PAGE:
This is the question we posed in our recent Holiday Pay Survey of clients and contacts across a wide sample of sectors and company sizes. The results provided some interesting statistics:
- Of all our respondents, a full 73% have yet to take any steps to amend their holiday pay calculations. Claims by trade unions that employers are being “left behind” because they have not changed their approach to the calculation of holiday pay (and so are allegedly sticking out more overtly as prospective targets for union-backed legal and/or industrial action) may perhaps therefore be taken with a pinch of salt.
- Of the 27% who have changed their holiday pay arrangements, only a small majority (less than 60%) have unionised workforces.
- Where changes to holiday pay include use of a reference period, the period invariably picked by respondents to the survey has been 12 weeks (although we are aware of some businesses that are looking to implement a 12-month period). That is even though that period has yet to be enshrined in law, and even though those responses came from sectors as diverse as construction, aviation, retail and banking. Employee numbers in those businesses ranged from less than 100 to over 45,000. It therefore appears that for all the uncertainties and injustices both ways which such a reference period can generate (and despite the enormous spread of overtime and commission schemes in use over that population) 12 weeks will likely be the default position for voluntary holiday pay agreements. What period any eventual legislation either requires or allows is a separate question. We think it likely to include an element of flexibility for the employer, but whether this can be applied differently to different categories of employee within the same employer remains to be seen.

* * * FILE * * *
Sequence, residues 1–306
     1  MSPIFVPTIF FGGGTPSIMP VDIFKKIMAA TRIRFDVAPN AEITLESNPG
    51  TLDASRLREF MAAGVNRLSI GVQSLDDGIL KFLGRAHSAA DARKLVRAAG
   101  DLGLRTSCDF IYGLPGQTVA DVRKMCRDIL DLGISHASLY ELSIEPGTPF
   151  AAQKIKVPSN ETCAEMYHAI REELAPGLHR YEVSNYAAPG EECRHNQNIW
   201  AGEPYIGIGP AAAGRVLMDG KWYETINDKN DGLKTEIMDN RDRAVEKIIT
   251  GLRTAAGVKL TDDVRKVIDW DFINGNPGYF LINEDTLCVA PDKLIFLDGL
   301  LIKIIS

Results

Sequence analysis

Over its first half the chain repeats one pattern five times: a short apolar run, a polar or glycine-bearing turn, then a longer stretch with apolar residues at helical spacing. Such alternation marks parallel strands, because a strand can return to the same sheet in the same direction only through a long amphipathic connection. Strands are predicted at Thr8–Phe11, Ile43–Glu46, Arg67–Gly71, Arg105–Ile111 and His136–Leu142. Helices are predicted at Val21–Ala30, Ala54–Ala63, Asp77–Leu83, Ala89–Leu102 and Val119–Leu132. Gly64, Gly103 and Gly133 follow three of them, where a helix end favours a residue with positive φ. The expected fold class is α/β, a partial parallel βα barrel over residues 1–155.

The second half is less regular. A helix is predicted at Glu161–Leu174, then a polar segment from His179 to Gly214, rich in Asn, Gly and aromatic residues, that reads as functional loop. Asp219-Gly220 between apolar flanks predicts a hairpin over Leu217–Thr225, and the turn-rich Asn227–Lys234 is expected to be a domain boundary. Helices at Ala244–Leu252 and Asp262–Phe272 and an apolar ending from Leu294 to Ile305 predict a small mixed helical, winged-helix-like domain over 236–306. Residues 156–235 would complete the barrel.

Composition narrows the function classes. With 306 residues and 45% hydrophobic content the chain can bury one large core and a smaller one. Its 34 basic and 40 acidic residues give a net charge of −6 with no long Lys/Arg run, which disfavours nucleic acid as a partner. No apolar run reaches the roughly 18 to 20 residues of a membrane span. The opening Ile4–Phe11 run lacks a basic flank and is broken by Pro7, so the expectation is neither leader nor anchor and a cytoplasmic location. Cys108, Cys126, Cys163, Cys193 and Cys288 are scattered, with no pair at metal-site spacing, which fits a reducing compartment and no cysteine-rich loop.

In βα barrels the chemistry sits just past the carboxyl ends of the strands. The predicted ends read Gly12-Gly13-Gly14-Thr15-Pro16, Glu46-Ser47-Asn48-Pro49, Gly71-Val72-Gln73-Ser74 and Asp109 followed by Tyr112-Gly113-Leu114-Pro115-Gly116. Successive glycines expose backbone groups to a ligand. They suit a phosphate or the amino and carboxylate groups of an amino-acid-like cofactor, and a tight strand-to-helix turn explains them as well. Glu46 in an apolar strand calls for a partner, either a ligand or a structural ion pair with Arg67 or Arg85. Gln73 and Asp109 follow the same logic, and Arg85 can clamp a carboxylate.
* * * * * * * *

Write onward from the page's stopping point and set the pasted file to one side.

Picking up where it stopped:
- Where our respondents have reached agreements with their workforces about alterations to holiday pay calculations, these have all been forward-looking. None of our respondents refer to any accommodation being reached in relation to any notional arrears.
- The principal factors leading to changes in those 27% of employers were (i) awareness of the case law (i.e. the perceived inevitability of having to do something at some stage) followed by (ii) union/ employee pressure (though of the 73% who had made no change, only one admitted to receipt of a tribunal claim), and (iii) brand/ reputational factors.
- Where changes have been made, half had applied them to the full UK 5.6 week holiday entitlement. About a quarter of respondents had limited the changes to the Working Time Directive four week minimum and a further quarter did not specify which.
- Of those cases where changes had not been made, nearly 85% of employers had also taken no steps to amend their commission/ overtime structures to minimise the scope for employee claims.
So in other words, whether or not it is generally best, doing nothing does seem to be a common employer response to the holiday pay question. This is further supported by the outcome from our recent Holiday Pay Dinner in London (see attached blog). There are good objective reasons to support such a stance at this point, including in particular the absence of Government guidance, the uncertain direction (in matters of detail, at any rate) of the case law, the relatively limited number of unions willing to undertake the colossal logistical exercise of collective tribunal claims and the often marginal economics of bringing a claim as an individual worker.